2. Tighten your abdominal muscles. You can do this by visualizing your belly button moving towards your spine. Make sure your hips are in the posterior pelvic tilt position. The goal is to feel a deep stretch in your back leg’s hip flexors. Many people will initially believe that this position already provides adequate stretching. Consider image 1. 3. To achieve a deeper stretch, maintain your posterior pelvic tilt and lean forward slightly while contracting your abdominal muscles. 4. For an even deeper stretch, rotate your trunk region (upper body) in the opposite direction of your forward planted leg. After a few sessions of more basic stretching, these steps can be progressed to. This is due to the fact that they require more comfort with stretch and postural stability. Take a look at Figure 3. Repeat the stretch with the other foot in front, paying close attention to your posture. Hold each side for about 10 deep breaths to avoid having to count or time.

Stretching the Rectus Femoris (Exercise 2)
The second stretch shown here is designed to specifically target the rectus femoris. The hip flexors are made up of this and the iliopsoas. In people with anterior pelvic tilt, this muscle is tighter than the iliopsoas.
How to Do a Rectus Femoris Stretch
To do this stretch, you must:

  1. Firmly plant your forward foot on the ground. Bend your knees, with the back foot making knee contact with the ground (see picture below). Support the back foot with a bench or couch for added stability.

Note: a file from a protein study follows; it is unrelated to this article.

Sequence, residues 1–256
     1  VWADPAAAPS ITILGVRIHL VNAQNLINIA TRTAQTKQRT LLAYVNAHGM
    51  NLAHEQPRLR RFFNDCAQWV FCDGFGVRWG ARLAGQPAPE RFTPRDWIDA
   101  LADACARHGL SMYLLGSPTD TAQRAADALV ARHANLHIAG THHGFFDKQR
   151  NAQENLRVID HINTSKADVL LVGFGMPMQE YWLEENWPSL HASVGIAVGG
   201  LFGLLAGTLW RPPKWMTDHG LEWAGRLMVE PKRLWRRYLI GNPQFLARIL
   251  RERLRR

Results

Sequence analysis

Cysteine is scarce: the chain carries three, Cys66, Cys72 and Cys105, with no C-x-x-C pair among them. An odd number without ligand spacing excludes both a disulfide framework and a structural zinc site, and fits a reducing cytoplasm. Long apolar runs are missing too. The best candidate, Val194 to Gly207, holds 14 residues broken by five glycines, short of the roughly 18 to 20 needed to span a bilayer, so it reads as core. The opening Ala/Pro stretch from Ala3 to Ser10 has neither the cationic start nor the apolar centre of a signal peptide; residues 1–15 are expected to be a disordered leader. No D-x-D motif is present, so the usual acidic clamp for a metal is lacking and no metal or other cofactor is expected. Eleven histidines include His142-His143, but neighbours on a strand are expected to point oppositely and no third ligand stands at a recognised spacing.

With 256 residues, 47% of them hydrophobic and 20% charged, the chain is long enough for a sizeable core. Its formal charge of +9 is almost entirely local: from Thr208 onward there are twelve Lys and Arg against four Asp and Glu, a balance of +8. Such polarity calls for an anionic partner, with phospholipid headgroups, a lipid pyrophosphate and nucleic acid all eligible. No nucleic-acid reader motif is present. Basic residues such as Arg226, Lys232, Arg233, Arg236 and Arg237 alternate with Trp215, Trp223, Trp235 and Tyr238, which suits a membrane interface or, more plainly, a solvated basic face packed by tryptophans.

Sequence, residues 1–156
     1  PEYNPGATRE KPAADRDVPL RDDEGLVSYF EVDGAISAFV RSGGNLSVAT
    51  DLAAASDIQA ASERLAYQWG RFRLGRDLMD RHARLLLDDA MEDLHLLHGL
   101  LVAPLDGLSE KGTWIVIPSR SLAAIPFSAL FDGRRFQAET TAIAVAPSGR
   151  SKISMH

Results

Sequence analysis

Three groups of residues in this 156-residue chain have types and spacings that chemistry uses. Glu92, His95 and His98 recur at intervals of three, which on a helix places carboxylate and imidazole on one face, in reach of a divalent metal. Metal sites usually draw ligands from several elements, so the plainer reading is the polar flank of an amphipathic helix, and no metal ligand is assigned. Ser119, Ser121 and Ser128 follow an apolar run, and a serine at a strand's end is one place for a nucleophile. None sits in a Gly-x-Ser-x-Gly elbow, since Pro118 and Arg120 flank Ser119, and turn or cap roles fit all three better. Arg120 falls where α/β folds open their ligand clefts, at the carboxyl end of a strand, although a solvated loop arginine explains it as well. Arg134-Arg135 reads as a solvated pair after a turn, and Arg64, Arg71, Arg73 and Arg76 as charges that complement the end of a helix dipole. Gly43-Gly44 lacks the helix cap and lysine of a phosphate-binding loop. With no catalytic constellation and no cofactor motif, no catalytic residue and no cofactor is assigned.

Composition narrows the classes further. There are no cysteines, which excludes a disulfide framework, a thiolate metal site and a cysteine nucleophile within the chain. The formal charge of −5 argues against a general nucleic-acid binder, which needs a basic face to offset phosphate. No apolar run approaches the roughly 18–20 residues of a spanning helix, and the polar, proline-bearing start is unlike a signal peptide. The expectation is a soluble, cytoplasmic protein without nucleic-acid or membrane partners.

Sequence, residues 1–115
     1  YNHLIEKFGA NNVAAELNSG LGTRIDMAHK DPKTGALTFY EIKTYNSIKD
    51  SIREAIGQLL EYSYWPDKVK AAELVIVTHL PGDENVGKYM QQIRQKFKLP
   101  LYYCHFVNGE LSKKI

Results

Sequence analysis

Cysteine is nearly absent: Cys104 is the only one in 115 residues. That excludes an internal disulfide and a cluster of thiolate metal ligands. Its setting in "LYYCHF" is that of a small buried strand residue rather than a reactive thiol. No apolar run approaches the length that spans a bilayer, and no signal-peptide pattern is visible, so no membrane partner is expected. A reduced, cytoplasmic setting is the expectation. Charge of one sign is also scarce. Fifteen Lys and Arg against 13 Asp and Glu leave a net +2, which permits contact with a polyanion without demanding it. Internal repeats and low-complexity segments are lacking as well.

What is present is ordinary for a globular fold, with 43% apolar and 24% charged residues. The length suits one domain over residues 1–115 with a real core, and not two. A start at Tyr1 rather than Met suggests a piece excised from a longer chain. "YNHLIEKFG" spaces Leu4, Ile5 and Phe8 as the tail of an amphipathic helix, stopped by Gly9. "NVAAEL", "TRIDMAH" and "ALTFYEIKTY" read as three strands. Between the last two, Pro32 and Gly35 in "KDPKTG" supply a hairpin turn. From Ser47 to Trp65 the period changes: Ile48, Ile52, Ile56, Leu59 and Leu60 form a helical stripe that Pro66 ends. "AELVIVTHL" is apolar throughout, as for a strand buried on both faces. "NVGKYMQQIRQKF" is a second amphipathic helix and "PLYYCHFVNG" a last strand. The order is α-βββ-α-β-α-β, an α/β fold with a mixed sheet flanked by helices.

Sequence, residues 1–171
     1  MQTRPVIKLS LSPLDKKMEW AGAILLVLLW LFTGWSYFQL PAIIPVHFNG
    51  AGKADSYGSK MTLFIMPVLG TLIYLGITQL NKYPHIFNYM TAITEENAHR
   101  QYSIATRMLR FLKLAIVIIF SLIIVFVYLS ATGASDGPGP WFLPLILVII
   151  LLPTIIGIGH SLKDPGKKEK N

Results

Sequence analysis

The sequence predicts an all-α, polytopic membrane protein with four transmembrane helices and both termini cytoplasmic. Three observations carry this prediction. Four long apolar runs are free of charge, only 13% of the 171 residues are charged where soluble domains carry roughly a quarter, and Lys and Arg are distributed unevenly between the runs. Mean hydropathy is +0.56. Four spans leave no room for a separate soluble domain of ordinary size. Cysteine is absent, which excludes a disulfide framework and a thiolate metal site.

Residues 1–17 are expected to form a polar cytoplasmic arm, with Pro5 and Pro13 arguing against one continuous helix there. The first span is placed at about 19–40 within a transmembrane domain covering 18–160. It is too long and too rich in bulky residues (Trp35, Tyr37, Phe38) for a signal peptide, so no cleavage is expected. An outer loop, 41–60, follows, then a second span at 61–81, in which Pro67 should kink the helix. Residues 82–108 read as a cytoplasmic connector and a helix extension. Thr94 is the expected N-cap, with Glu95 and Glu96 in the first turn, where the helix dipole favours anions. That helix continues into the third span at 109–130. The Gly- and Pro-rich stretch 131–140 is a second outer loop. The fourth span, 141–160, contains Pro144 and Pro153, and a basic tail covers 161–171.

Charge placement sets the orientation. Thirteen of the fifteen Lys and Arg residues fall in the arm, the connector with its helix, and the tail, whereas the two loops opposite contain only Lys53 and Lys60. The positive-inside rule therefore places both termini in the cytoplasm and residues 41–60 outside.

2. Tighten your abdominal muscles. You can do this by bringing your belly button closer to your spine. As well as moving your hips into the posterior pelvic tilt position, with which you are now acquainted.
    You should feel a deep stretch down the front of your thigh as you achieve this position. You can move slightly forward and away from the bench to make your back knee less bent for a less intense stretch, or move closer to the bench for a more intense stretch.

To participate in hip joint flexion, stretch the rectus femoris muscle, which is part of the quadriceps and crosses the hip joint. Here are two options: using a bench (left) and not using a bench (right).
The same stretch can also be done without the use of a bench. Hold onto something for balance, then raise your back leg towards your buttocks. Change the forward leg and take 10 deep breaths on each side.